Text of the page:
5 fast facts that will help make filling out FAFSA a breeze


It's that time of year again when parents and college or college-bound students fill out the FAFSA (Free Application for Federal Student Aid).

The idea of wading through a form – especially one that requires financial information – is definitely not an appealing idea, but the FAFSA could be a tremendous help in getting your student money to attend college.

RELATED: 20 financial aid terms every college student and parent should understand

The following points are what you need to know, as well as common mistakes to avoid when filling out the FAFSA.

Fill it out – you have nothing to lose.

You may think that you don't need to fill out the FAFSA, especially if you believe you might not qualify for need-based aid. But there's no income cut-off point with federal student aid, according to the U.S. Department of Education. In addition, the FAFSA can help you qualify for all kinds of grants, loans and scholarships, including those offered by your state, school or private organizations.

By investing a few minutes of time, you could reap thousands of dollars in potential rewards.

Submit it ASAP.

The sooner you submit your FAFSA, the better, according to consumer adviser Clark Howard. Although the federal deadline isn't until June 30, 2018, you should check with the financial aid administrator at colleges you're interested in to make sure their deadlines aren't earlier.

Submitting earlier will help you plan how you'll pay for college. You'll also have a better chance of getting as much aid or scholarship money as possible since some colleges distribute their available money on a first-come, first-serve basis, Howard says.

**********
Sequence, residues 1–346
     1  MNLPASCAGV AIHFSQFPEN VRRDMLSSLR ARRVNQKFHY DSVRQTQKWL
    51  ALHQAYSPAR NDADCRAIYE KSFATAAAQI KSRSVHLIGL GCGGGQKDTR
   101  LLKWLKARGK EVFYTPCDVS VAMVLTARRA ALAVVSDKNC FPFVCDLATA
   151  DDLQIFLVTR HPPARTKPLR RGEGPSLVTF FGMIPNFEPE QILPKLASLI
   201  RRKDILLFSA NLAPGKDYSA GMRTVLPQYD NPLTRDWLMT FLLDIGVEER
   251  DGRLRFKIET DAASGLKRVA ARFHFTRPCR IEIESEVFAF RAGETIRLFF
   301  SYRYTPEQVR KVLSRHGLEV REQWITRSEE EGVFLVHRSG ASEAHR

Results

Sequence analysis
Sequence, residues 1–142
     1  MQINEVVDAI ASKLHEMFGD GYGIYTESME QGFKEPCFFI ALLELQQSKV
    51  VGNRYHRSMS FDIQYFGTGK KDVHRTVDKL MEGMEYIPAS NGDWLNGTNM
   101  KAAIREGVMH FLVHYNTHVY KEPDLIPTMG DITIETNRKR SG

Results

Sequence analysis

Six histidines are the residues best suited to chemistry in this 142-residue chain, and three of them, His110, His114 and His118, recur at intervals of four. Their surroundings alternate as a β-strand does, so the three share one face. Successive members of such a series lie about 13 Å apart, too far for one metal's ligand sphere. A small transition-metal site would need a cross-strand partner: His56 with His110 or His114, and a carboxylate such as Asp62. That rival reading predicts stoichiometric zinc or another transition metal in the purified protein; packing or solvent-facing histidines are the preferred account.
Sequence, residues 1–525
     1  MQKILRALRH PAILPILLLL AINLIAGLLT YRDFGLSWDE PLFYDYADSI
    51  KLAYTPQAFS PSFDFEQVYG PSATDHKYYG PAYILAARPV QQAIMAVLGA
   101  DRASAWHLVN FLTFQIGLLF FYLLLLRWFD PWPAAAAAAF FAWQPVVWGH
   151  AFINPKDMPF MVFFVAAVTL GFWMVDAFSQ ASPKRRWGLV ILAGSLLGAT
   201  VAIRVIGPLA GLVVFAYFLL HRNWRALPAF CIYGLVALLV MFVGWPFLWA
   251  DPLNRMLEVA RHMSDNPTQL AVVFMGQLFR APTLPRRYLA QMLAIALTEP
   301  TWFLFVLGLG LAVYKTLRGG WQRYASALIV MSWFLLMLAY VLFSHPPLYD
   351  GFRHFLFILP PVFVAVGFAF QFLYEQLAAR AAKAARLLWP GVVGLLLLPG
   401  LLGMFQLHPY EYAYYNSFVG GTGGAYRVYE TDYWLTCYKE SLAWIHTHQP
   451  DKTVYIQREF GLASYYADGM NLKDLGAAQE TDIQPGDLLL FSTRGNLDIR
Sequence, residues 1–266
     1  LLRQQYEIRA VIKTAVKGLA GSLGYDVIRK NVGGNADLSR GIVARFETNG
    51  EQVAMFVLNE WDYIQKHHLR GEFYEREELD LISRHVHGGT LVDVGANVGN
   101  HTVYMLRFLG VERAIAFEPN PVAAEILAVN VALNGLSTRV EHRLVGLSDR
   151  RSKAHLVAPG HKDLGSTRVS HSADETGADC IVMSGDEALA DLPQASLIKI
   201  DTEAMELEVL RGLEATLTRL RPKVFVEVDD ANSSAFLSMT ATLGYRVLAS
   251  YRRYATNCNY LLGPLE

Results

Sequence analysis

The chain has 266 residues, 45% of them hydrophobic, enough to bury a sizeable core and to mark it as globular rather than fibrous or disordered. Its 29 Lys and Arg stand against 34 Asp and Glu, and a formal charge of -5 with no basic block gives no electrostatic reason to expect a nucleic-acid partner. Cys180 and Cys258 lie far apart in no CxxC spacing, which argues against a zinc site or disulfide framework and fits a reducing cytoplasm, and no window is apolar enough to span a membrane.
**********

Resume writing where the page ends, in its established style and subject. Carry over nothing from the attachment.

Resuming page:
Gather the information you'll need.

The FAFSA asks questions about the student as well as his or her parents if the student is a dependent.

You'll need the following information on hand as you fill out the FAFSA:

  • The student's Social Security number
  • The parents' Social Security numbers
  • Driver's license number (if you have one)
  • Alien registration number (if you're not a U.S. citizen)
  • Federal tax information for the student (and his or her spouse, if applicable) and the parents. This can often be imported online, so you may not need your records.
  • Information on the student's and parents' assets, such as money held in bank accounts and real estate holdings (not your primary residence)
  • Records of the student's or parents' untaxed income, such as veterans benefits and interest income

Watch out for common mistakes.

The National Association of Student Financial Aid Administrators points out some common mistakes that can delay your form's submission or cause you to not get the aid and scholarships you might qualify for. They include the following:

  • Leaving some fields blank – Instead, put in a "0" or "not applicable."
  • Listing an incorrect Social Security or driver's license number – It pays to recheck these numbers.
  • Failing to use your legal name – Use the name on your Social Security card, not a nickname.
  • Forgetting to list colleges – Even if you're not sure of which college you'll be attending, add any reasonable possibilities to the list of colleges that will receive your information. You're under no obligation to apply to or attend these colleges, and they can't see which other colleges you're interested in.

Keep an eye out for requests for more information.

Your FAFSA may be selected for verification, which means you'll have to provide some additional or supporting information, U.S. News & World Report explains. This process doesn't necessarily mean you've done anything wrong. You may have a discrepancy or mistake on your form, but some FAFSAs are just randomly selected for verification (lucky you!).

These requests will often come to the student's personal email account or university email address, so he or she will have to be diligent about checking it and responding to any requests by the stated deadline.


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